- Help customers help themselves. There will always be customer service problems. Harkin said the company’s aim is to be: prompt, clear, empathetic, and never blame the customer for the problem they are having. The Atlantic recently built an online “knowledge base” tool for customers to search for answers to common questions or problems. Customers also can up vote or down vote to indicate whether an article was helpful. She said this feedback (83% up votes in early days) is showing that most of the people find most of the content valuable.
- Send them something they’re not expecting. Unexpected “surprise and delight” experiences can bring value and depth to the relationship. Harkin detailed two examples — one focused on the individual customer (sending a custom-made outfit for the daughter of a reader after he wrote to say he subscribes to expose his child to quality journalism) and another that was bonus for loyal subscribers (a special Dr. Martin Luther King Jr. print issue created for the newsstand was recreated in digital format especially for subscribers).
- Create micro-love, not micro-hate. Harkin said this means reducing friction in as many areas as possible: on pathways to purchase, changing account settings, registration, etc.
- Don’t view the customer experience as a cost center. “It is not a drain on resources. It is an investment that pays off,” she said.
- View readers as collaborators. The Masthead from the Atlantic was co-developed based on feedback from thousands of members. One year after the launch, retention is hitting targets. “Before we launched this product, we ran surveys and did a lot of intel,” Harkin said. “We spent time listening and learning. We looked at email engagement, site visitation, churn rates. We also listened to benefits they would appreciate and we’ve added those.”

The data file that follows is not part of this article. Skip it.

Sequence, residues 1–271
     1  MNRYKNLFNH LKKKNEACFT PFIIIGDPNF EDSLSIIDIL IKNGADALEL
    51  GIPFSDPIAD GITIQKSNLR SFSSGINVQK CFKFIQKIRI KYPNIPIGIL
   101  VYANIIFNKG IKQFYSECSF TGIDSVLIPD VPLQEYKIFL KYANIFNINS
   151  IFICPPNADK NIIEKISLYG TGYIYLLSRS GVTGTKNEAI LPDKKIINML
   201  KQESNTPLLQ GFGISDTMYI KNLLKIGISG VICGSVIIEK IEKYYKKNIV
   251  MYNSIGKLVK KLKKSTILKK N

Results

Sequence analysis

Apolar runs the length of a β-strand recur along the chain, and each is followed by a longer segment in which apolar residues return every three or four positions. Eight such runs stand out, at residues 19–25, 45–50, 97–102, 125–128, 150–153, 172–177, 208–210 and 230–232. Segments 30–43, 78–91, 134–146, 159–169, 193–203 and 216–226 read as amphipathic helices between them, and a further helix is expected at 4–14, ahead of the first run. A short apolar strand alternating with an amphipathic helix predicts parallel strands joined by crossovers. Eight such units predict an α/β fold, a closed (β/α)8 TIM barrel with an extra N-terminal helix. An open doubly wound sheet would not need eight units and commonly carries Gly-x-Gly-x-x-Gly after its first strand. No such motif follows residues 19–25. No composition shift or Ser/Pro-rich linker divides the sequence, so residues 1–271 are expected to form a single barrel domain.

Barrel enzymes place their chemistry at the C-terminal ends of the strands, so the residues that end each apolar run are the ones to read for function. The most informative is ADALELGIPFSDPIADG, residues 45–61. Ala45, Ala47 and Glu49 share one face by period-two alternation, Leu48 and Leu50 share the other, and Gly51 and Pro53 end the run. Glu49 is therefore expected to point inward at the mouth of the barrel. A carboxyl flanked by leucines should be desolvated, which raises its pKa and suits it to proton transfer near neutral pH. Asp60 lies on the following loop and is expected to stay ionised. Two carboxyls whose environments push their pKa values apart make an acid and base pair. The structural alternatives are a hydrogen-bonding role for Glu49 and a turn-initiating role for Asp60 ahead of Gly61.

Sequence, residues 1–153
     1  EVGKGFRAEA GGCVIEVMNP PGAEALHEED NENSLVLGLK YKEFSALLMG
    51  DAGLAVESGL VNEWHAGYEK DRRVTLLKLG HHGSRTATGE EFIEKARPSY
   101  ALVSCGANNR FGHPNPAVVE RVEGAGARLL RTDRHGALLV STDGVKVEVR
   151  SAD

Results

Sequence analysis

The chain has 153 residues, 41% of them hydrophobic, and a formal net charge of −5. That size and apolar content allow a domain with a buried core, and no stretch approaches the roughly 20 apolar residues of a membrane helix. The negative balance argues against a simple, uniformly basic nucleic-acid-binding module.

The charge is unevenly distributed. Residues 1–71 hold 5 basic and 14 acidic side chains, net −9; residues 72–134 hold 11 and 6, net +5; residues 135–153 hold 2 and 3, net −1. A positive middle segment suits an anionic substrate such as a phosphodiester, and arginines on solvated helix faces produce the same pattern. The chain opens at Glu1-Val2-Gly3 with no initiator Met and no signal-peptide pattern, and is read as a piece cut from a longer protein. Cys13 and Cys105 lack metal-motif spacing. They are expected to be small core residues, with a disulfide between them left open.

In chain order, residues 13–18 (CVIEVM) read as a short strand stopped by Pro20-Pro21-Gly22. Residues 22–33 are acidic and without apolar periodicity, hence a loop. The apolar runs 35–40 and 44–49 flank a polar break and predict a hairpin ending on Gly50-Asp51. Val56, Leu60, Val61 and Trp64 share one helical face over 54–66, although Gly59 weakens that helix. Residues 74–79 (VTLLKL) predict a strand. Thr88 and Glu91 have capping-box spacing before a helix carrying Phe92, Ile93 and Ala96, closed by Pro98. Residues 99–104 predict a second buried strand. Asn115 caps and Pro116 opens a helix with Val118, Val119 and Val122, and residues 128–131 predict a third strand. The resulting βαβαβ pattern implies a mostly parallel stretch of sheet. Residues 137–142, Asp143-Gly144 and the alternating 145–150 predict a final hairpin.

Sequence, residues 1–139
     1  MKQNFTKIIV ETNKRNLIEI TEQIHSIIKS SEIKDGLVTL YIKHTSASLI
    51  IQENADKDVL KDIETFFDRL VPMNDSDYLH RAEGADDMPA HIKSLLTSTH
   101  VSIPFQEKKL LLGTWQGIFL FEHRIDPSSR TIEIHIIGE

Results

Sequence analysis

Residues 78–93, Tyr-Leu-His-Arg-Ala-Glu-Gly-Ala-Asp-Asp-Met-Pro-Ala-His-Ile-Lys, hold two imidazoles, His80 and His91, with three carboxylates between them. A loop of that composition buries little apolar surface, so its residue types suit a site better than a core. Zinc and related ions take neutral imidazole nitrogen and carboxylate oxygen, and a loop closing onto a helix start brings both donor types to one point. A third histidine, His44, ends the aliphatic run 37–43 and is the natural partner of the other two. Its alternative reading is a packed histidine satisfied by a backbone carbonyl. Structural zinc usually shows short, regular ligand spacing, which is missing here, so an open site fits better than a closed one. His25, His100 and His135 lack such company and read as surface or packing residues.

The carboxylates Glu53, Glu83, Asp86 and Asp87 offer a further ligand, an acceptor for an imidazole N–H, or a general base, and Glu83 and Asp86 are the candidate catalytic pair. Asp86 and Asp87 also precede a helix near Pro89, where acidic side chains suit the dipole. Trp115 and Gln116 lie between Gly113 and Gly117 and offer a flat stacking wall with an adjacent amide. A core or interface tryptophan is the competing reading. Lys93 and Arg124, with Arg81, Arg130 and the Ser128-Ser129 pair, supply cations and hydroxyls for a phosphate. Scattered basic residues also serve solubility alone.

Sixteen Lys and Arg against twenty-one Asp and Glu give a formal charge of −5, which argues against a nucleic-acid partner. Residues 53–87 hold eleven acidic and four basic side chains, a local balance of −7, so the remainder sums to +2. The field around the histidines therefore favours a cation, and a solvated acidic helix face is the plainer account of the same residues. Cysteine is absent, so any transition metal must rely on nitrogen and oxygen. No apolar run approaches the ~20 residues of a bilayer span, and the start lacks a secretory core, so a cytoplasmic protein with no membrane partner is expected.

Gadi Lahav, head of product at Financial Times, advised news media companies to have a North Star: a single metric to guide it. FT’s North Star is a consumer engagement score based on recency, frequency, and volume.
The challenge with metrics is two-fold, Lahav said:
- You risk following the wrong metric. For example, the metric for Netflix is total time spent. But what if your customer falls asleep on the couch while watching a movie?
- There are too many truths. What if your e-mail metrics show one truth and your social media metrics show another?
In an effort to provide the most relevant information to its audience — thus keeping them as a paying audience — FT created myFT, basically a Twitter-like feed for readers on their chosen topics. Engagement increased 86%.
FT invests three times more in retention versus acquisition. The company spends a lot of time looking at audience habits: devices, day, and time of reading, whether they come to the home page, what platform they use. Based on that information, the media company’s data science team puts readers into clusters. Interestingly, what time of day a reader engages with content doesn’t really indicate big differences in readers or their needs.
Whether they are an app user or a social media user is hugely important to know, Lahav said. “If they have a habit with Facebook, they don’t really have a habit with us. They have a habit with Facebook, so we need to push you into e-mail.”